BORIS Johnson has been accused again of using Thatcherite tactics to let unemployment rates rise. .

The SNP’s Westminster leader Ian Blackford accused the Prime Minister of making a “deliberate decision to let unemployment soar like Thatcher did in the 1980s” during Prime Minister’s Questions.

The MP reiterated the importance of introducing a better financial scheme for those struggling during the pandemic, insisting an 80 per cent wage subsidy similar to that offered with the furlough scheme was needed.

He said: “Behind closed doors, Boris Johnson is complaining that he can’t get by on his £150,000 salary yet, he arrogantly expects workers to get by on a fraction of that when Tory cuts sink in.

“Yesterday we saw this total disregard for the people in Greater Manchester, a Tory attitude that people in Scotland and all too familiar with

"Millions of families are struggling to get by and this Tory government wants to cut their incomes in the middle of a pandemic.

“It is clear that the Prime Minister has made a deliberate decision to let unemployment soar just like Thatcher did in the 1980s.”

Mr Johnson dismissed Blackford’s statements, saying it had “no relation to the facts or the reality of what the government is doing”.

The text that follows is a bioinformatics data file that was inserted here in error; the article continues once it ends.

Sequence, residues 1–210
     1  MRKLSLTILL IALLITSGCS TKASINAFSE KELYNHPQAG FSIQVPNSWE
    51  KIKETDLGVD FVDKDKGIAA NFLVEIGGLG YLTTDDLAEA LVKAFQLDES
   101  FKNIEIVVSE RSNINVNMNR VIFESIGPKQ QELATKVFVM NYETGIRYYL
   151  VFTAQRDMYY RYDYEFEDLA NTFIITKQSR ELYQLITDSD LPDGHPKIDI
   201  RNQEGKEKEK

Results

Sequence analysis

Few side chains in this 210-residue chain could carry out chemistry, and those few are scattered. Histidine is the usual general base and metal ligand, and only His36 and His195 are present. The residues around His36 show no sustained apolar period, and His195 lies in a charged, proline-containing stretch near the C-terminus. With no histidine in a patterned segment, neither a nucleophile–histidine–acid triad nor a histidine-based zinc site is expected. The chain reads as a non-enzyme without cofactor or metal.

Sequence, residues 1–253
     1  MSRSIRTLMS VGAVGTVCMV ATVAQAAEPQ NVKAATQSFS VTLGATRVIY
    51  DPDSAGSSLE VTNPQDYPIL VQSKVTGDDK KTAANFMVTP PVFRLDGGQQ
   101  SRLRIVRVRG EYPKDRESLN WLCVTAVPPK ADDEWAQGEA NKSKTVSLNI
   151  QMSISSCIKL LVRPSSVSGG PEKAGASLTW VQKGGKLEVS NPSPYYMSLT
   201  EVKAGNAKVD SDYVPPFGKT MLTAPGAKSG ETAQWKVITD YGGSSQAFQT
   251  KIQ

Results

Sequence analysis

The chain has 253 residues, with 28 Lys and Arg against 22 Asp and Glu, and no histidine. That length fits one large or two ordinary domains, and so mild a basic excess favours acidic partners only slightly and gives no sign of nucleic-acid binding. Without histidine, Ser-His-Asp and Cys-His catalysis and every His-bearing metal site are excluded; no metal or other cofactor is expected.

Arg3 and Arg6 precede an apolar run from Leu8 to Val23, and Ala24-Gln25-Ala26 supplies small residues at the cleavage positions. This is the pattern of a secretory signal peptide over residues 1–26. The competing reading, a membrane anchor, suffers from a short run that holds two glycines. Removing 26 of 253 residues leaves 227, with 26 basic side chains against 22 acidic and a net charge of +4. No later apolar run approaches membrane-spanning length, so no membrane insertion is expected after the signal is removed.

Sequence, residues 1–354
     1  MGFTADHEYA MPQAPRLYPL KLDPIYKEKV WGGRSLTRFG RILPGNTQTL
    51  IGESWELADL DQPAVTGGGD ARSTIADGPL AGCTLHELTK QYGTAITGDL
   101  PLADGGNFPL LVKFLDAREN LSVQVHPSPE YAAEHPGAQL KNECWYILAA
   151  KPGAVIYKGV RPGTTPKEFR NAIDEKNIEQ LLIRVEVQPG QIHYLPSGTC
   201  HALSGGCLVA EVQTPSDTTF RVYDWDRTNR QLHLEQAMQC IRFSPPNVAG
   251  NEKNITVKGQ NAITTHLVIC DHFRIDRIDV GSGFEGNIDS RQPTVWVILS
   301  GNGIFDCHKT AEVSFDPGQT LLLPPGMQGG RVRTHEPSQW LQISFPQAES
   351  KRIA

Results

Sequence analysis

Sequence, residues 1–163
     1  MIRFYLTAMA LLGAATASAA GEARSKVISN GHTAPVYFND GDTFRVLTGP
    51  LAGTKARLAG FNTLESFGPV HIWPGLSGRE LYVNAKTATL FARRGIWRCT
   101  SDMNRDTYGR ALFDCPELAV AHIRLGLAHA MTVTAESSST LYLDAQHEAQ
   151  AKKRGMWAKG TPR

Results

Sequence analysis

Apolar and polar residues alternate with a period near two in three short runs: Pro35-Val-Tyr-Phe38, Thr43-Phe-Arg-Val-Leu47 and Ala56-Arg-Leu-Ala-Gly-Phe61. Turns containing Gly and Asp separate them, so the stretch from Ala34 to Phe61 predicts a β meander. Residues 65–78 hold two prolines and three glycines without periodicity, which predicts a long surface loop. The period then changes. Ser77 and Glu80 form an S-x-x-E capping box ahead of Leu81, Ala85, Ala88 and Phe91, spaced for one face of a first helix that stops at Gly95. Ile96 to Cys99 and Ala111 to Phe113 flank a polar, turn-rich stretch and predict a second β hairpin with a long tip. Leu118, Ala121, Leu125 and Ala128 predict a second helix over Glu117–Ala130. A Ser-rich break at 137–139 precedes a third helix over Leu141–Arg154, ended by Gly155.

He added that the government had made a “£200 billion pound investment in jobs and livelihoods” and said: “What we also are engaged in and what we will continue to deliver is a colossal investment in education, in health, in housing and infrastructure that will deliver jobs and growth throughout this United Kingdom for a generation.”

Sir Keir Starmer attacked the Prime Minister over the lockdown strategy which has led to political rows in the North of England.

The Labour leader urged Mr Johnson to end his “corrosive” approach which results in “local battles” over funding, and instead support a Labour motion for a national criteria.

He said: “This is a Prime Minister who can pay £7,000 a day for consultants on track and trace, which isn’t working, can find £43 million for a garden bridge that was never built but he can’t find £5 million for the people of Greater Manchester.

“I really think the Prime Minister has crossed a Rubicon here, not just with the miserly way that he’s treated Greater Manchester, but the grubby take it or leave it way these local deals are being done.

“It’s corrosive to public trust to pit region against region, mayor against mayor, council against council, asking them to trade away their businesses and jobs.”

Mr Johnson said he is “proud” of the Government’s support to the entire country, adding: “I think it’s the height of absurdity that he stands up and attacks the economic consequences of the measures we’re obliged to take across some parts of the country when he wants to turn the lights out with a full national lockdown.

“That was his policy last week, wasn’t it? Perhaps he could confirm that’s still his policy.”